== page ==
28-Year-Old Model with Rare Ehlers-Danlos Skin Condition Is Bedridden from Health Complications

Julie Mazziotta
28-Year-Old Model with Rare Ehlers-Danlos Skin Condition Is Bedridden from Health Complications

Sara Geurts became a body positive inspiration for women after sharing her experience with Ehlers-Danlos syndrome, a rare condition that causes baggy skin. But now the model is in need of help, after months of health complications from her condition.

The 28-year-old has type 1 and type 12 Ehlers-Danlos syndrome, which affects the collagen and connective tissue in the skin. In Geurts’ case, she has chronic fatigue syndrome as a result of the condition, and was recently diagnosed with cranial cervical instability, which is causing problems with her neck. The added complications left her bedridden in the last few months.

“This past winter was by far the roughest. I think in two months I went to 10 urgent care visits. I was sick to the point where I’ve been in bed for the past four weeks, haven’t left this apartment for six,” she told Barcroft TV. “It’s been a lot, not only physically, but emotionally, and it has a lot of people concerned, and a lot of people really wanting to know what’s going on, especially family and close friends.”

Geurts’ main job is at a YMCA in her hometown of Minneapolis, and she’s had to go on extended medical leave without pay due to her health. A recent MRI revealed that a “slipping disk” in her neck may leave her unable to support her head, requiring surgery.

She’s also having stomach problems, which caused her to lose 18 lbs. in the last few months. After a five-hour appointment with an Ehlers-Danlos specialist, Geurts learned that she may have other health issues.

“After the evaluation the specialist did find the high possibility of gastroparesis as well as possible mast cell disease or another underlying disease/disorder,” she wrote on Instagram.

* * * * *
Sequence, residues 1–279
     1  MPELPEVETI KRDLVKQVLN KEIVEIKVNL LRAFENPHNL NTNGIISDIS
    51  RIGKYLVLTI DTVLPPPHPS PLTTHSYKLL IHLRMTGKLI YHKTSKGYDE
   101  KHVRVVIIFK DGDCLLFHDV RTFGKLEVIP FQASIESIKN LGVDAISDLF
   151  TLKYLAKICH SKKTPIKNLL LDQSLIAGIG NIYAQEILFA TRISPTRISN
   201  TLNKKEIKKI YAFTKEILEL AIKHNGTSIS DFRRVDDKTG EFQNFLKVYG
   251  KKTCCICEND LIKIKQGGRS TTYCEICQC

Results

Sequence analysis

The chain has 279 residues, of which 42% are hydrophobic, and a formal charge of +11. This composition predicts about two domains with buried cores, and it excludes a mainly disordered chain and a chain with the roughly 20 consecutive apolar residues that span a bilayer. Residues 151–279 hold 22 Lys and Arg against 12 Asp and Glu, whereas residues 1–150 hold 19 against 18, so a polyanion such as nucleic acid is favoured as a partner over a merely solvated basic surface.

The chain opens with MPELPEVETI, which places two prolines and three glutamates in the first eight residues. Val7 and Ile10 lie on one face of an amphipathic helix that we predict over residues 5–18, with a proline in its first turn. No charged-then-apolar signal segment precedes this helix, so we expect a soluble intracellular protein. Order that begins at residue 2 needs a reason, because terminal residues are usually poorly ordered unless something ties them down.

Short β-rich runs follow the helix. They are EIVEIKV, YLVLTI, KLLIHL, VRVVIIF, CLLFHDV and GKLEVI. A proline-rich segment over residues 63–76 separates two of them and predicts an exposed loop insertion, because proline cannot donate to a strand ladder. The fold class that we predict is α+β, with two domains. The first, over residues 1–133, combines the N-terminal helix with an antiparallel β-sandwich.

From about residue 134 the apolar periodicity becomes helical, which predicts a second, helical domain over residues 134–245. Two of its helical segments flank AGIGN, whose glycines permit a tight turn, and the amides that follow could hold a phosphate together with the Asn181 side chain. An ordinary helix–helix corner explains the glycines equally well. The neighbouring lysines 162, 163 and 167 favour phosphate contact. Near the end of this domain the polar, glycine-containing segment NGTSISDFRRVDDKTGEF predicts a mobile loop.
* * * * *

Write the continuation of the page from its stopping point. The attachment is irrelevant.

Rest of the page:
Sharon Berglund, the mother of Geurts’ partner Briana, set up a GoFundMe page to help them manage her medical costs, as the Ehlers-Danlos specialists do not take insurance.

Geurts said she is struggling to stay positive, but she’s determined.

“I’m trying to re-spark the flame of my vision and inspirations and not fall into a complete negative state but find these recent events to be taking their toll…BUT I will not give up,” she wrote on Instagram. “I will try my hardest to remain positive and strive today and every day to do as much as I can when I can, and to be patient, vulnerable and love my body.”

Geurts told PEOPLE in 2017 that she initially wanted to share her story — which she continues to do on Instagram — to help others with the condition.

“I hope that it raises awareness for Ehlers-Danlos,” she said. “Even if it inspires just one person who thinks they might have it to look up the symptoms or talk to their doctor about it, that alone is the whole reason I’m doing it. That, and to ease the journey to self-love for every individual out there who thinks they need to hide their imperfections because society tells them to. Our imperfections are our perfections and they’re worth celebrating.”